Bipartisan legislation would create a four-year pilot project within the Federal Emergency Management Agency.
Local officials have pushed for hazard mitigation funds as well as outstanding FEMA reimbursements.
Last week’s quake near L.A. shows the promise of the West Coast seismic notification system under development. But its effectiveness will depend on those using the technology.
The Federal Emergency Management Agency's latest National Level Exercise will take place April 30 to May 11.
Heavy rain is expected to fall on areas burned by recent wildfires, increasing the risk for deadly mudslides and destructive debris flows.
The agency has its hands full with 21 disasters in 14 states, which means federal assistance may arrive slowly in the event of yet another national emergency.
“We begin recovery the minute we start response,” according to the Maryland Emergency Management Agency's executive director.
Can commercial tech hold up in a mock disaster? The agency’s Science and Technology Directorate wants to find out.
A Homeland Security Department advisory group wants to help emergency responders control the social media conversation.
STATE AND LOCAL ROUNDUP | Madison eyes a connected vehicle project; keeping a winter-weather homeless shelter open in Sacramento; a city in Alaska considers plastic bag ban; and coal ash dumping sites to close in Missouri.
An estimated 38 percent of the U.S. population is eligible to donate blood. Less than 10 percent of that population actually do.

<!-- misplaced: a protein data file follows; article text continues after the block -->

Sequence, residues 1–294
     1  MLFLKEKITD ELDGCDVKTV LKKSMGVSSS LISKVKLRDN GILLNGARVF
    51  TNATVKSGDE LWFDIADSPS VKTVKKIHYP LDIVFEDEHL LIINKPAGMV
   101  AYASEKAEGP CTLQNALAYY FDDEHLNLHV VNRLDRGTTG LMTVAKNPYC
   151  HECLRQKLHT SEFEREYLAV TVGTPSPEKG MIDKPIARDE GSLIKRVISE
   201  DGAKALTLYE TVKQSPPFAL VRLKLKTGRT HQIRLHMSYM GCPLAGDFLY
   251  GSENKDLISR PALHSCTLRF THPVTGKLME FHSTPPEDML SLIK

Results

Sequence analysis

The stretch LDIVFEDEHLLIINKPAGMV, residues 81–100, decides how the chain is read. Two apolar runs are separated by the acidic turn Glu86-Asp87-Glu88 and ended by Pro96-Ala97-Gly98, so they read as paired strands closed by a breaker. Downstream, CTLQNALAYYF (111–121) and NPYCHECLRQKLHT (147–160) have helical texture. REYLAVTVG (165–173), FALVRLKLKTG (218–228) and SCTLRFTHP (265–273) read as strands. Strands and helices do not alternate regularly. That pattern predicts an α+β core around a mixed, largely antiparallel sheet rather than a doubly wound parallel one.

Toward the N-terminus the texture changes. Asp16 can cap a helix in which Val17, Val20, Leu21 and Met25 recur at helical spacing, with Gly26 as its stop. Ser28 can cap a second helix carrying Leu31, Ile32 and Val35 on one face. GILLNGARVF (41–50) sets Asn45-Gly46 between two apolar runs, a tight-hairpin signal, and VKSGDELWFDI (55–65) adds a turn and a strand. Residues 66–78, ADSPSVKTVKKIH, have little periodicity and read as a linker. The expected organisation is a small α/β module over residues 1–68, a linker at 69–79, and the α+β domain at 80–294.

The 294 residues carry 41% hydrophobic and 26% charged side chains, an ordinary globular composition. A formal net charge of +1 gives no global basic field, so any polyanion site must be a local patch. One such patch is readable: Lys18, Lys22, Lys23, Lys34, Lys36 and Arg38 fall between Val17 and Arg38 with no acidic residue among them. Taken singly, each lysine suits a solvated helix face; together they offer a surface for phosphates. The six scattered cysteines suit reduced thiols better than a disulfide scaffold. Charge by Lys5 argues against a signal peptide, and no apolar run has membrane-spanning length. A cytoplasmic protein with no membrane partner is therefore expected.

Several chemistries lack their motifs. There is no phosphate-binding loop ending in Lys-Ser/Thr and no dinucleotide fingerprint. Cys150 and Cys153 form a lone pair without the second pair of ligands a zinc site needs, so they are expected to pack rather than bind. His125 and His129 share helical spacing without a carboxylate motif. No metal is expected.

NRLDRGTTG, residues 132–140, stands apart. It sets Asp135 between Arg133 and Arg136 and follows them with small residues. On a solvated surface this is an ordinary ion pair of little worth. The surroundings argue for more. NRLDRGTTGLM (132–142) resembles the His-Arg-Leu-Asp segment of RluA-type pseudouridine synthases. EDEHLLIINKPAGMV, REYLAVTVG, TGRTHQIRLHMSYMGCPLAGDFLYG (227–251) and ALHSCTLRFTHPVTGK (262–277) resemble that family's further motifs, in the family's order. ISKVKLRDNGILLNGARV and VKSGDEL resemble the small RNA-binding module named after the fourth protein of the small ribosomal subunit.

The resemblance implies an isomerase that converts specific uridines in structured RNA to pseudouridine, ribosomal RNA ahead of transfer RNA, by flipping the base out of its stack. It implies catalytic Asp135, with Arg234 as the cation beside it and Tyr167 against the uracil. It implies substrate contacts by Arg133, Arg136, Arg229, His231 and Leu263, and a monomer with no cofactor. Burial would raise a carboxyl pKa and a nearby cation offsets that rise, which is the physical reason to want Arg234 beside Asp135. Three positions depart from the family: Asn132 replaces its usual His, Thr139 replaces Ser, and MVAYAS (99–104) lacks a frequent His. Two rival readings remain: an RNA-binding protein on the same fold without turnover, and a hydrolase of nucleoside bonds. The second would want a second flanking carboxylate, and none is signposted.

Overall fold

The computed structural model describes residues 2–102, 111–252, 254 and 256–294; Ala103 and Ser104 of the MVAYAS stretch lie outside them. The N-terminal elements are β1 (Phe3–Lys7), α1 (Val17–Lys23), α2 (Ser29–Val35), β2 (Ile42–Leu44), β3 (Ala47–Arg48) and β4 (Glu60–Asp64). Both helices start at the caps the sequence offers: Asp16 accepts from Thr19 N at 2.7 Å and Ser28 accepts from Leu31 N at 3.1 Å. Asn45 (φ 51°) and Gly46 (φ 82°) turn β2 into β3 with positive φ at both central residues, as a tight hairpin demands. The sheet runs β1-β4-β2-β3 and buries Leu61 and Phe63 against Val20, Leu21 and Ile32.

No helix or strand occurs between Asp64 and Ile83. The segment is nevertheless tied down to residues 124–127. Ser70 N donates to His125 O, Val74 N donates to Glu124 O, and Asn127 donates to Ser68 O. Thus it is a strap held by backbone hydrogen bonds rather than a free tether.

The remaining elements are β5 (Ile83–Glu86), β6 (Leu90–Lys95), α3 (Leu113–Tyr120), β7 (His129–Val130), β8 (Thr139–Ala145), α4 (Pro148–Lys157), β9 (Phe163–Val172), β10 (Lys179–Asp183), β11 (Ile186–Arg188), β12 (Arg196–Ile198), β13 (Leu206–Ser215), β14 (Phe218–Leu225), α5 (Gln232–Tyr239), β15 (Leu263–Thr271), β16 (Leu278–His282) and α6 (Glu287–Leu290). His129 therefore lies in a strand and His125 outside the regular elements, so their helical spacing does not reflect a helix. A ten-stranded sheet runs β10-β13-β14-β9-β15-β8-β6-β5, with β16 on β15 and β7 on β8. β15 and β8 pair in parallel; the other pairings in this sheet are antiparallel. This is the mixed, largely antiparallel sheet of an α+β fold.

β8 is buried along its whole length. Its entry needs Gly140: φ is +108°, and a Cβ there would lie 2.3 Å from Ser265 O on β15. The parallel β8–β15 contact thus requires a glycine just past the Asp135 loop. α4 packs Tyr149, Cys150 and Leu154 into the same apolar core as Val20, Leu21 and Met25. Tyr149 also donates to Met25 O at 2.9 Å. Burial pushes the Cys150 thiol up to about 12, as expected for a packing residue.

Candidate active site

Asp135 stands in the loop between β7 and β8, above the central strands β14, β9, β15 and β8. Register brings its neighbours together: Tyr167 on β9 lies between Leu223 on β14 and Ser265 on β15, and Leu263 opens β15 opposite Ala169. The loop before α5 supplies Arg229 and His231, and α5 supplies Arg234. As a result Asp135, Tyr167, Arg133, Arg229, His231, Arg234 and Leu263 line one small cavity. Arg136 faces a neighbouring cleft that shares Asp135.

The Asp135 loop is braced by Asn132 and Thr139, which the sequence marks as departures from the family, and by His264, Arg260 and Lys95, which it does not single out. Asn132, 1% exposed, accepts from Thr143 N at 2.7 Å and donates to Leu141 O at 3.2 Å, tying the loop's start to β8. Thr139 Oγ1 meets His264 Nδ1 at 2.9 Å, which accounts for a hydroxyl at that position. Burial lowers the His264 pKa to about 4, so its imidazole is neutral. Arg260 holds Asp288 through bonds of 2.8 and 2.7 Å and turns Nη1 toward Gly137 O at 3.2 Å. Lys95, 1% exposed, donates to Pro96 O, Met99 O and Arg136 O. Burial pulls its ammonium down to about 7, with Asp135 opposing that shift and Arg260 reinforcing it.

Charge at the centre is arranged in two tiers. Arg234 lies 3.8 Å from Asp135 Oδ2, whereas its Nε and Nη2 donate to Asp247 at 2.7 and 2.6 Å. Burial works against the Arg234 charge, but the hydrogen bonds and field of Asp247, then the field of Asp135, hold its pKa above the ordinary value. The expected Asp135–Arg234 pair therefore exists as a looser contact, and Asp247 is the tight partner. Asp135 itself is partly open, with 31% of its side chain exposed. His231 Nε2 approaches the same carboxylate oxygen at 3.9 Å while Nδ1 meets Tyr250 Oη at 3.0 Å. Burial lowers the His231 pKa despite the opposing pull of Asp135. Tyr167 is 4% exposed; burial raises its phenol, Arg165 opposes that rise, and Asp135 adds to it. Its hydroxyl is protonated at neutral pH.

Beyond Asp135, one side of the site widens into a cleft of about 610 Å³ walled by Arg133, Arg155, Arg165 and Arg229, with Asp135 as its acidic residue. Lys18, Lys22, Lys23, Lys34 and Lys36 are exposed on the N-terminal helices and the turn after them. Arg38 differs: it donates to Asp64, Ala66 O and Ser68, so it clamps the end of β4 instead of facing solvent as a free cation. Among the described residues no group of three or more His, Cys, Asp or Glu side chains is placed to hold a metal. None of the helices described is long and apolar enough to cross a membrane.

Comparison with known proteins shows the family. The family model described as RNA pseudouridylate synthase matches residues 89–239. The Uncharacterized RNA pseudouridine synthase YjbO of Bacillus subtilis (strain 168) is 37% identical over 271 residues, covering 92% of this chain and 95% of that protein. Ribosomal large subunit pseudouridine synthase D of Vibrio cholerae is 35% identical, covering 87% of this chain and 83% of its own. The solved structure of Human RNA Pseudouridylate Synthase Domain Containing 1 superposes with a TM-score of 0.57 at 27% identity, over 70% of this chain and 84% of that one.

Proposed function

FEMA wants state and local governments to play a 'larger role' post-disaster while shifting those funds to mitigation.
“Over the last half-dozen years every one of our federal and state funding lines has been cut back,” according to Alaska Earthquake Center seismologist Mike West.
The waiting game continues at the Rattlesnake Hills where the ground recently “changed its behavior.”
The 7.9 magnitude earthquake in the Gulf of Alaska didn’t cause major damage but the local response underscores some important lessons in emergency preparedness.
A blast over Honolulu would be catastrophic. That doesn’t mean the government shouldn’t help the public prepare for one.
“There are fail safes built into the system, but there aren’t enough fail safes”
The State Warning Point issued the mobile alert in error after someone "pressed the wrong button" during a shift change.
Emergency managers and first responders anticipated dealing with a second disaster in and near areas recently burned in wildfires. But the destruction is worse than expected in some places.
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